Journalism

New York Times Review – As A Friend by Forrest Gander

December 21st, 2008

winterson-650‘As soon as we make contact with the sacred, we’re face to face with death….’ (P106)

Love is part of what is sacred in life. Through love we get a chance to see past our own boundaries – not only into the life of another, but to the edge of life too; the last step off the seeming-solid into the weightlessness of death, its free-form.

As A Friend is a love story, but it’s also a death-story that tells how love and death are made of the same stuff; the same intensity of moment, the never forgotten detail. The moment of finding that you love someone is like the moment of knowing you will never see them again; its clarity is dazzling, and it alters everything – not just everything that will come after, but everything that has gone before.

‘ It seemed all of a sudden like a wind had slacked off and I was left leaning off-balance in a world something considerable had passed through.’(P64)

As A Friend is a strange and beautiful book – not much more than a hundred pages it needs to be read slowly, to be uncovered, like a secret, to be discovered, like treasure.

The story is a small one – no ambitions to be the Great American Novel, or to chronicle our time, – it sets itself the task of seeing up close the lines of one man’s very particular life, and how those lines are walked and read, stumbled over and mis-read, by those nearby.

It’s the story of Les, poet and land surveyor, a man who measures the territory, both inside and outside, maps it for others, re-makes it for himself, says where the boundaries are, until, in the tragedy of the story, those boundaries are scuffed out.

Told simply, in four parts, the story opens with Les’s birth, his mother teenage and unwed, the baby boy adopted. The fierce beauty of the language begins at once, tracking the pain of giving birth, ‘the wet delta above the kidneys, knuckles wedged between the hot sheet and the flesh that heats it’ (P9).

Forrest Gander is a poet, and so he returns words as meaning, instead of blurring them as data. So much writing is just about conveying information, using words that are readily interchangeable, underpowering language so that it can’t reach the point of calibration; the right register of what we feel, and how it feels to feel. As A Friend is never sentimental, but it is all feeling, and that might be uncomfortable for readers who prefer language dwindled to defeat. This is language that is potent– that has a strong voice, so the reader has to sit down and listen to that voice, taking time, just as you would with a friend.

In Part Two, Les the baby is grown-up. He’s almost a caricature of a poet, brooding, gorgeous, magnetic to women and men alike, childlike in his enthusiasms, adult in his sexual passions, always in the plural. Les is married, but tells his wife Cora that he needs a home nearer his job for the working week, and that he shares it with Sarah, a lesbian. Sarah’s not lesbian; she’s his lover, who knows nothing about his wife, or that when Les has time, he takes other lovers too, fitting them in somewhere between the lines, letting them read the fiction that they are the only one.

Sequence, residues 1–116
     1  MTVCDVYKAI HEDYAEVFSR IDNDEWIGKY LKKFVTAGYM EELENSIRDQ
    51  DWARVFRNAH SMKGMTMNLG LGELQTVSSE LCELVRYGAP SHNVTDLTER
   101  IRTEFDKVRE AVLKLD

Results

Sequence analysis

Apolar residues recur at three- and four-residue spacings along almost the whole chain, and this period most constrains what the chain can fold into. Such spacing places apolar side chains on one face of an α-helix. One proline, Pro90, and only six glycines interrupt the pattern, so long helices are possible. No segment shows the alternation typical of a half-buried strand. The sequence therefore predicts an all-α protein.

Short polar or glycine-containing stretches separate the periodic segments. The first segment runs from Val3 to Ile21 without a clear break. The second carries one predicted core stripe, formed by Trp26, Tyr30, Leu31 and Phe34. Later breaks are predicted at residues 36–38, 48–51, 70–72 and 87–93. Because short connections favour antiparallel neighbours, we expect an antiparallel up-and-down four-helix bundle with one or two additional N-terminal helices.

The narrator of Part Two is Clay, a twenty-five year old wide-eyed guy who falls in love with Les’s sexy poet-self, and who works with him on the land-surveying jobs. Clay mimics Les’s mannerisms and copies his swagger, he knows Les is a liar and a cheat but he treats him like a Greek god, which may be the right thing to do because the gods always were liars and cheats.

Clay is half in love with Les’s weekday girlfriend, Sarah, too, and in the typical muddle of a passionate soul who can’t yet understand himself or his sexuality, Clay tries to fuse with both of them, finds he isn’t really with either of them, and forces the situation to its cruel end. It is so easy to tell a wife that her husband is having an affair, so difficult to foresee the consequences. And it is always easier to try to control the lives of others than to face the inadequacies and disappointments of our own.
Les kills himself.

Part Three is Sarah’s jottings, which in less sensitive hands than Gander’s would be random and maudlin. Here, the broken lines and scattered thoughts are a true expression of what it means to grieve. We don’t grieve in straight lines. She says ‘I’ve gone dark as a hedge.’ (P95) She says ‘Love solves nothing, but your love made me appear to myself.’(P72) She says ‘Still walking round the house in my socks as though I wouldn’t wake you.’(P96) Grief is circular. Gander somehow shows the shape of grief, using language like a compass to find the mid-point and then to trace the circle.

Part Four is Les himself – outtakes from a film interview. The man at the centre of the circle is both more and less than others have drawn him. Some of the things he says are wise, some are just stupid. So it is with anyone real, unlike the measured platitudes and balanced phrases that hallmark the increasing army of unreal people, who never want to risk a wrong word, and so speak only in clichés. There are no clichés to Les. He is a liar, but he doesn’t fake the truth where it counts, which is an odd thing to have to say about a fantasist and an adulterer, and Les is both.

Yet As A Friend has a remarkable way of challenging easy notions of truth and of right behaviour, and it does so without anger. There is such honesty in this book – its purpose, its language, its feeling. It is a way, as Les puts it – ‘To approach each other and the world with as much vulnerability as we can possibly sustain.’

Published: New York Times – December 19, 2008